September 30th, 2017, Head, Scales, Tongue, Tale by Leigh Bardugo, The Best American Science Fiction and Fantasy, Series Editor, John Joseph Adams, Editor, Charles Yu. Originally Published in Summer Days and Summer Nights.

Blurb: A story about the mysteries of growing up in a small town and the flurry of confusion when it feels the adult world is leaving you behind.

Opinion: This was a super well written story and I really enjoyed it. The ending was pretty obvious and I think the fantastical part of it could have been accomplished in different ways that could have been more interesting or unexpected, but one of the nice parts about genre is that comfort to know how things might work in the end, I guess. (B)

October 1st, 2017, The Cartographer Wasps And The Anarchist Bees by E. Lilly  Yu, Clarkesworld Year 5, editors, Neil Clarke, Sean Wallace.

Blurb: A fairy tale allegory about hegemony and enslavement–but also what wonders sometimes comes from such horrible situations.

Opinion: The narration of this piece takes an omniscient tone on how one civilization subjugates another. It is told in a fairy tale style, but with a nice flow. The pacing is great–especially for a piece in which there aren’t any “main characters” or protagonists. While there’s certainly a faction the author wants you to empathize with, there isn’t a single character to connect the reader to the piece. Despite this, it’s a well written story that kept my attention from start to finish. (B)

October 2nd, 2017, Letters From Sweden: Letter Iby Mary Wollstencraft.

Blurb: Mary writes about her experience going to shore in Norway to visit with locals.

Opinion: This is not a piece I would read on my own. This fall I am assistant teaching in a freshmen class at The Evergreen State College, and students are reading this piece, assigned by their professor. I feel about this piece of literature, much as I do about other antiquated works; it has merit in the use of language, but surely students would be better served to learn how language is being used now, in today’s world, rather than in the 1700’s. The reason I believe this is due to the fact that if someone would seek to write in the style of Wollstencraft they would be shamed for the use of punctuation and grammar, as the written language has changed in the last 300 years. Can students learn from this example of pioneering travel writing? Surely. But to what application will be this lesson. Nebulous or concrete? (D)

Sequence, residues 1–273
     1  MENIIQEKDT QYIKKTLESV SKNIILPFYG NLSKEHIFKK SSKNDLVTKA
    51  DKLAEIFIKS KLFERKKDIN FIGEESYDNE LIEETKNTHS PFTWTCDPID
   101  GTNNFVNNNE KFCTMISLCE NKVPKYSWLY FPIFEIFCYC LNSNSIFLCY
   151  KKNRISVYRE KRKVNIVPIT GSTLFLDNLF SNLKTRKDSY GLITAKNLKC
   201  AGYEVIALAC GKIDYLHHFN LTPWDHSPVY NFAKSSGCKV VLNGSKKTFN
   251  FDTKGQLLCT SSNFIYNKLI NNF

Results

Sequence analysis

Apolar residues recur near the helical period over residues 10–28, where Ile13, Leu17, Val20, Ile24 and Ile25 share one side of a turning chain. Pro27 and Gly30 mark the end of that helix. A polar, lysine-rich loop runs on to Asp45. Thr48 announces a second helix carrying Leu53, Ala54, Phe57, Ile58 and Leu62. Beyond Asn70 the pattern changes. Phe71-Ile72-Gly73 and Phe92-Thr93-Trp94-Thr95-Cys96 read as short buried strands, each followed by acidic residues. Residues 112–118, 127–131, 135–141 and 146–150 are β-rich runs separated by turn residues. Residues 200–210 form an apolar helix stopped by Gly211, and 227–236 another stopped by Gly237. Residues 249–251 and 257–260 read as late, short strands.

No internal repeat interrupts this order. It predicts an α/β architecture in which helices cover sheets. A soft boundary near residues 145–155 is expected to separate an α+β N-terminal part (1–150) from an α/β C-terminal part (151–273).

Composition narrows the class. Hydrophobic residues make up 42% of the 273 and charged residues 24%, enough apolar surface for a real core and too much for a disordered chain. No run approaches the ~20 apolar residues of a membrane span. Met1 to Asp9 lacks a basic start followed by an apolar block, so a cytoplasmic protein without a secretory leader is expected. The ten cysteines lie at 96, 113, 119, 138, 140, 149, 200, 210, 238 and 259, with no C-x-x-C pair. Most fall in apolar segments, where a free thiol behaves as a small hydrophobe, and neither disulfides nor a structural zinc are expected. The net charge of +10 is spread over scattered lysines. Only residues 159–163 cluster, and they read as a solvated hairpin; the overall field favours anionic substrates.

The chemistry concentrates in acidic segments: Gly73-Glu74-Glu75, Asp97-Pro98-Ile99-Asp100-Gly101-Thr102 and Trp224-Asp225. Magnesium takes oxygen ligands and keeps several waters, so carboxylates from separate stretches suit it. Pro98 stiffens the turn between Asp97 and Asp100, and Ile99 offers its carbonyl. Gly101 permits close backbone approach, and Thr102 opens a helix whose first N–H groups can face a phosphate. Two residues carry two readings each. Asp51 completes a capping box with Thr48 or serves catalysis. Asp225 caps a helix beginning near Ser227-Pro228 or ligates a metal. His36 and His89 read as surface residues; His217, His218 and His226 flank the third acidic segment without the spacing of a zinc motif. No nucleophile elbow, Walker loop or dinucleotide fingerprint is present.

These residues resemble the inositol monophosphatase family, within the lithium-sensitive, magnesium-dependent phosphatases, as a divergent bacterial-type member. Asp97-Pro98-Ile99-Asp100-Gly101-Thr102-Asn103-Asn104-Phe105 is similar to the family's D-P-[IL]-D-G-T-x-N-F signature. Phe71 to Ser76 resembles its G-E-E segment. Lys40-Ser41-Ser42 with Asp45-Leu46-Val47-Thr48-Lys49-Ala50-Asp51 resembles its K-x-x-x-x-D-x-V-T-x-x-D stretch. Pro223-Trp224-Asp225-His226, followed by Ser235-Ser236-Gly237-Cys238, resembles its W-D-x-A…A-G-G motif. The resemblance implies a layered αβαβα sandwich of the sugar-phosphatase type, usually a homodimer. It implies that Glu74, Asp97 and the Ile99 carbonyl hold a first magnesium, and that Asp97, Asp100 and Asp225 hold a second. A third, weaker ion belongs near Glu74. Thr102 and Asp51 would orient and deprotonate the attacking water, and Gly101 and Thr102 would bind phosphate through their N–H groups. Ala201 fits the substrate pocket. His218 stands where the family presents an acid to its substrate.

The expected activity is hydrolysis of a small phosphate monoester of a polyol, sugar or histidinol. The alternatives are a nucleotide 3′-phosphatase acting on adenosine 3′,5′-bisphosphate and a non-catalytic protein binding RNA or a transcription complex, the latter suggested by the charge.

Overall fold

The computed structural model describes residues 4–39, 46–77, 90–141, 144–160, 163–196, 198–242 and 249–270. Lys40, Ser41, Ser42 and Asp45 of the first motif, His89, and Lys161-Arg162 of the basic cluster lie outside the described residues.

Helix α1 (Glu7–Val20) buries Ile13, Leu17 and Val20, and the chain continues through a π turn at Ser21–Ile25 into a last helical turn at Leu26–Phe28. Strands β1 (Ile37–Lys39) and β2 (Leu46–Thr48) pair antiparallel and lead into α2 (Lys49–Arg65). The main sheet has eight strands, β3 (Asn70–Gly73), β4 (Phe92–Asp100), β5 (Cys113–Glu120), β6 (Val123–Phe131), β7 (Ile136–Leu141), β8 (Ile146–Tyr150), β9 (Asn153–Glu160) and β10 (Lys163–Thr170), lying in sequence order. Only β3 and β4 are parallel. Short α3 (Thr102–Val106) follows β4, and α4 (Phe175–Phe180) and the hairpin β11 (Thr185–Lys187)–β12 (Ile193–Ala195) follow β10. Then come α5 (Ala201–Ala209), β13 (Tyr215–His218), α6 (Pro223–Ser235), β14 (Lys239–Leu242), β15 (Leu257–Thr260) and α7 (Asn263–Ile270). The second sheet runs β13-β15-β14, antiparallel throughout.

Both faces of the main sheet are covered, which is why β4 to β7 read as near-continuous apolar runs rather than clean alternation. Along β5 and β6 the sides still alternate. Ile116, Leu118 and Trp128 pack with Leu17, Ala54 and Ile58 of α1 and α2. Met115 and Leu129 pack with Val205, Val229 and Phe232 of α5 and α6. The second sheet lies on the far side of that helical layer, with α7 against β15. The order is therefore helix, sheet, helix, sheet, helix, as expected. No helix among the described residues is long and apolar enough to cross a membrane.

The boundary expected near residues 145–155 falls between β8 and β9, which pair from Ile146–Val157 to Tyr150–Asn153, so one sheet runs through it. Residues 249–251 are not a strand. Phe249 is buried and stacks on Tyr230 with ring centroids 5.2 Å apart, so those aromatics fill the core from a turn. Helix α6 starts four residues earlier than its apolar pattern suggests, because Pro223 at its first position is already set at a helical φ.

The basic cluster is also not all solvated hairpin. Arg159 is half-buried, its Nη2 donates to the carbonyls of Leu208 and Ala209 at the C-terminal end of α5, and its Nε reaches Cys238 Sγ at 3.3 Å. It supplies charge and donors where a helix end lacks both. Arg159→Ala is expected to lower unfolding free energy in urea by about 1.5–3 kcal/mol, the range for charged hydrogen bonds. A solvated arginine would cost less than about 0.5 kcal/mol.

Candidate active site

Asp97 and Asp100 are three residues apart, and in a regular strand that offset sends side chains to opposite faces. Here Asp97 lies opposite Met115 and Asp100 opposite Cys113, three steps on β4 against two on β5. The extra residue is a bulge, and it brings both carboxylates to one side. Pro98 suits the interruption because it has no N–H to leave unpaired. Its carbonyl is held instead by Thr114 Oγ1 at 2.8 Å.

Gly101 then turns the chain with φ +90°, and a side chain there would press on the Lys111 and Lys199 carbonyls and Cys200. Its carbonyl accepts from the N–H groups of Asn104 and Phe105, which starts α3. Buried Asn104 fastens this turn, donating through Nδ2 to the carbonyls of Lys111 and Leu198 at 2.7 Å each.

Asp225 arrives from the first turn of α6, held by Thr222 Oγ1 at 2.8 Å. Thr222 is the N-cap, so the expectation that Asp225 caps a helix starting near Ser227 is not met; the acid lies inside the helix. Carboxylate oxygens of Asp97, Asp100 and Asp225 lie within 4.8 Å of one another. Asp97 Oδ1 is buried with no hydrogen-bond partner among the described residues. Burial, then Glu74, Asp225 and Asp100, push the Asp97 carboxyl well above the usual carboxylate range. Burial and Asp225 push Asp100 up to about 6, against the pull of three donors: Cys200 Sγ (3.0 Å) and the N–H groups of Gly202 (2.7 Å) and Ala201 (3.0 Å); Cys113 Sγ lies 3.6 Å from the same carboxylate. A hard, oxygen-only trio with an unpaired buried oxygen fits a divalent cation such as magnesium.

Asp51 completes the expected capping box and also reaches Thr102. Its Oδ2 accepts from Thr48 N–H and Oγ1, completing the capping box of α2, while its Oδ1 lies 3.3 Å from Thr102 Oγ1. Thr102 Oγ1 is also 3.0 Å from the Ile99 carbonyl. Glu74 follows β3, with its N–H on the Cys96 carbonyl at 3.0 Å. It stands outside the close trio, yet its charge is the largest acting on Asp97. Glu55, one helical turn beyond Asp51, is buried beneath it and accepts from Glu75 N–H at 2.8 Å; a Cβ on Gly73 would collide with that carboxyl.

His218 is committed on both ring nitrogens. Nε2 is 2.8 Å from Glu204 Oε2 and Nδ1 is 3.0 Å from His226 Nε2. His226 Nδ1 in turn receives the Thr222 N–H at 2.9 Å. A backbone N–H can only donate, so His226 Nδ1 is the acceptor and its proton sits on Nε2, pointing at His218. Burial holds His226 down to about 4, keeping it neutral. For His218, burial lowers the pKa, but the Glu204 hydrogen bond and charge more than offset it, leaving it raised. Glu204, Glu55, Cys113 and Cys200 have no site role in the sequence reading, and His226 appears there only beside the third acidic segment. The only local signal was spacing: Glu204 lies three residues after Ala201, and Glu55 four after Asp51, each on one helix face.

October 3rd, 2017, Frozen Voice by An Owomoyela, published Clarkesworld: Year 5.

Blurb: In a world where aliens have confiscated books due to the harm “frozen voice” does to them, a young girl and her little brother go in search of their mother who disappeared while searching a hidden library to recover what literature she could.

Opinion: Great story. Well written. It pays homage to The War of The Worlds, and also put me in the spot where I felt as though I could really see, feel, hear the world that had been constructed. I like the allegory to book burning. genocide, Utopian and dystopian societies, all in one story. (C+)

October 4th, 2017, Teenagers From Outer Space by Dale Bailey, The Best American Science Fiction and Fantasy, Series Editor, John Joseph Adams, Editor, Charles Yu. Originally published in Clarkesworld, 2016.

Blurb: Alien monsters take over the slummy part of town and start sending their kids to the high school. The year is 1955, and the narrator, Nancy, has a rebellious friend. This rebellious friend, Joan, visits the part of town the aliens have changed and is never the same again.

Opinion: A wonderful tale about integration in schools, bi-racial relationships, and the advent of an era in which rebellion against norms was essential to the United States identity. The narration is super tricky in this piece also, as it slides back and forth in time, letting on more than it outrightly reveals at times, only to increase tension for what is a mystery until later on in the story. (B)